They were undecided, she went on, whether to remain at Stoodleigh for the winter and spring, to take a house at Torquay or to go to Paris.43 In the event, when Milton decided to retire from the House soon after the meeting of Parliament, he brought Fazakerley in for Peterborough in his room, to the pleasure of Althorp, who had considered his exclusion ‘a great grievance’ and regarded him as ‘a very honest man and honest on the best principles’, as well as ‘a well judging man and one whose advice is of great value’.44

Fazakerley, whom Maria Edgeworth met and described as ‘most agreeable’ at about this time,45 told Milton a week after his return that he believed that while the Grey ministry ‘sets out with unexampled difficulties surrounding it on all sides’, it was ‘honestly and seriously intent on surmounting them’: ‘if ... [their] measures are as good as the promises which they have made, they may defy any opposition in Parliament, or appeal with confidence to the country’. Addressing the paramount question of reform, he admitted that he had not been ‘hitherto, or rather I was not till within a few months, a strong reformer’, but that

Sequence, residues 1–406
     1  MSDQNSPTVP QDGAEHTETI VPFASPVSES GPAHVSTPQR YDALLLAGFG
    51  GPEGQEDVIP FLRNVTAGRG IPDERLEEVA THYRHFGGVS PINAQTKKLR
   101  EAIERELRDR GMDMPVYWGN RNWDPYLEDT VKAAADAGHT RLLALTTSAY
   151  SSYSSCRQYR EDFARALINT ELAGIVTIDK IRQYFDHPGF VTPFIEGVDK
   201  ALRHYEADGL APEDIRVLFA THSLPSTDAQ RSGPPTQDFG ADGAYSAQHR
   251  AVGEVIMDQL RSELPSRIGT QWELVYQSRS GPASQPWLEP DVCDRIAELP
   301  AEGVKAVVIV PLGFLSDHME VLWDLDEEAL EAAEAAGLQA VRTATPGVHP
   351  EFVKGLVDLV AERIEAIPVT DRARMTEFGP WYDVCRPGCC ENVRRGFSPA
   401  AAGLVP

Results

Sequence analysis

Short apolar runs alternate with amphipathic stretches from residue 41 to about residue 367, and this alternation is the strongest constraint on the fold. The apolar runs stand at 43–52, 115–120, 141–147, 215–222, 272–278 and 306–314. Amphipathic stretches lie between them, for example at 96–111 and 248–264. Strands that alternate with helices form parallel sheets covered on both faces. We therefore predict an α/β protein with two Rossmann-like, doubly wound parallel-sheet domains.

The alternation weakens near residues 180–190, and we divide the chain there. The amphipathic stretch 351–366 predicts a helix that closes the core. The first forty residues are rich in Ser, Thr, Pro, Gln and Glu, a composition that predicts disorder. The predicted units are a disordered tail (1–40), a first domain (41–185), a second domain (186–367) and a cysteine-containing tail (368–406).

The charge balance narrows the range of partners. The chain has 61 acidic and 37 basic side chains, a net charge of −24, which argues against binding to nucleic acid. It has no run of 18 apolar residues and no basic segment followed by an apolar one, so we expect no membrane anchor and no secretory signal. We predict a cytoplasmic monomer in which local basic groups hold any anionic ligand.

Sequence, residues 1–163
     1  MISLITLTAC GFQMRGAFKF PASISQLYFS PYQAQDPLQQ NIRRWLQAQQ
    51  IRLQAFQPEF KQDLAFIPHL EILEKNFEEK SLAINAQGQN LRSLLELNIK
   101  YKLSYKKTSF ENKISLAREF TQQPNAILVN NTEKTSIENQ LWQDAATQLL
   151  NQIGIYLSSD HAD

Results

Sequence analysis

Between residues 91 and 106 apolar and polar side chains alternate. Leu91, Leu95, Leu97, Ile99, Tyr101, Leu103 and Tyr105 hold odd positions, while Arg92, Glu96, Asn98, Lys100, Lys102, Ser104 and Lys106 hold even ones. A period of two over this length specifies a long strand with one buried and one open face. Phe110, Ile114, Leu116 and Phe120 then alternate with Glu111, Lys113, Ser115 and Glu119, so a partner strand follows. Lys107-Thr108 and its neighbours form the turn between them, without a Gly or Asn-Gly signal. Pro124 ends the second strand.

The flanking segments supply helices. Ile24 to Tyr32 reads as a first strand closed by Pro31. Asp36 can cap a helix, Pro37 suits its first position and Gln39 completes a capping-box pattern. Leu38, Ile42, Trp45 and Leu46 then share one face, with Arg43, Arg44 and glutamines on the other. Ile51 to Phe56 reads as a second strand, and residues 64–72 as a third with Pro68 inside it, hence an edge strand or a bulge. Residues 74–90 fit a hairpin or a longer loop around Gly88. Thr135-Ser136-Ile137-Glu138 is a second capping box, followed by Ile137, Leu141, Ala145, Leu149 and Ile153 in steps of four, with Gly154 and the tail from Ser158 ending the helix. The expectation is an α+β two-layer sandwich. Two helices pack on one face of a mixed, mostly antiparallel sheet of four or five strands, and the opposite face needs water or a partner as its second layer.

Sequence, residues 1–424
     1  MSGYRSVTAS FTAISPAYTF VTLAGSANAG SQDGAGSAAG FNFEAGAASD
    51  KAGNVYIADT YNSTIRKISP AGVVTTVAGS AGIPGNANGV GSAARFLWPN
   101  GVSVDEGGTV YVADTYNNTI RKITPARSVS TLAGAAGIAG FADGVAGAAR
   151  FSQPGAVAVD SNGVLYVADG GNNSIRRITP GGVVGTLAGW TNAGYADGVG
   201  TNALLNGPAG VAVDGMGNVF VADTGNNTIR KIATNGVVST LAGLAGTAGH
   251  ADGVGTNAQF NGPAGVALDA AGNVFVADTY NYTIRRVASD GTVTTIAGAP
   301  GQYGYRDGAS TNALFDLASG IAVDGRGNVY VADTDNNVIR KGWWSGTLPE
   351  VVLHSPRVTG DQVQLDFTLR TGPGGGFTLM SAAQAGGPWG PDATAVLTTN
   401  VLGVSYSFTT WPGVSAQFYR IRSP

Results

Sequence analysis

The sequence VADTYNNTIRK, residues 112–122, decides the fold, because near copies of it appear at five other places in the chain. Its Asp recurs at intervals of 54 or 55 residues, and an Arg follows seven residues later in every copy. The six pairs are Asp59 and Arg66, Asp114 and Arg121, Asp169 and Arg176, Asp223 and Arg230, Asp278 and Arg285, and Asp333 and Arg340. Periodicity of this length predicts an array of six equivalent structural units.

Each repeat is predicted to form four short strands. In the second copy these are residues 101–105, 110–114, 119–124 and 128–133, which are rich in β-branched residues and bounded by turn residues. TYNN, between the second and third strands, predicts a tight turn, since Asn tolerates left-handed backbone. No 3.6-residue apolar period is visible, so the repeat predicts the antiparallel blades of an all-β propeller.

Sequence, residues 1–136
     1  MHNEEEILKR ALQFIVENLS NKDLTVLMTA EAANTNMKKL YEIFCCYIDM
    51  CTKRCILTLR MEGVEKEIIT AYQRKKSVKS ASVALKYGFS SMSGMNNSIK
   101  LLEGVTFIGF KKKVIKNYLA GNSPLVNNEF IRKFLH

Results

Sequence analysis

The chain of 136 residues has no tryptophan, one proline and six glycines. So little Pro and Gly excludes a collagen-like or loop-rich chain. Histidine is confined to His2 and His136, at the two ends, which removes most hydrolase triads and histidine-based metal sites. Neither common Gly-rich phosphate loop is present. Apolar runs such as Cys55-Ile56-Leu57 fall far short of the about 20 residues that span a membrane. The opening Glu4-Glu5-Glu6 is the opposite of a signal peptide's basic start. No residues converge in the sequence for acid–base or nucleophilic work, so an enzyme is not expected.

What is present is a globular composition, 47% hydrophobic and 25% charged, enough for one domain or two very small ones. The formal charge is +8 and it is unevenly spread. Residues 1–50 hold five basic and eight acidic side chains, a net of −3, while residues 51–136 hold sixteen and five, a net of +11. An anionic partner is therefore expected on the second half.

the last election, and the manner in which several counties broke loose from the old influence of aristocracy and property, convinced me of the necessity of dealing largely with this question: otherwise it was, I thought, clear that if the excitement went on at the next election, the 40s. freeholders throughout England would take the game into their own hands, return Members of extreme popular opinions for every county, and throw such a body into Parliament as would deprive any government of the power of controlling or shaping any measure of reform. Had the late House of Commons acted differently on the questions of East Retford and the great towns, had the counties not acted as they did in many instances at the late election, and, to crown all, had ... Wellington not made so extravagant a declaration on the subject, the case might have been far different; but all these things together have produced a state of feeling with which, added to the real merit of the argument, it would be madness and folly to contend. The new government therefore very wisely at once announce a reform; and every one is very anxious to know what they will do.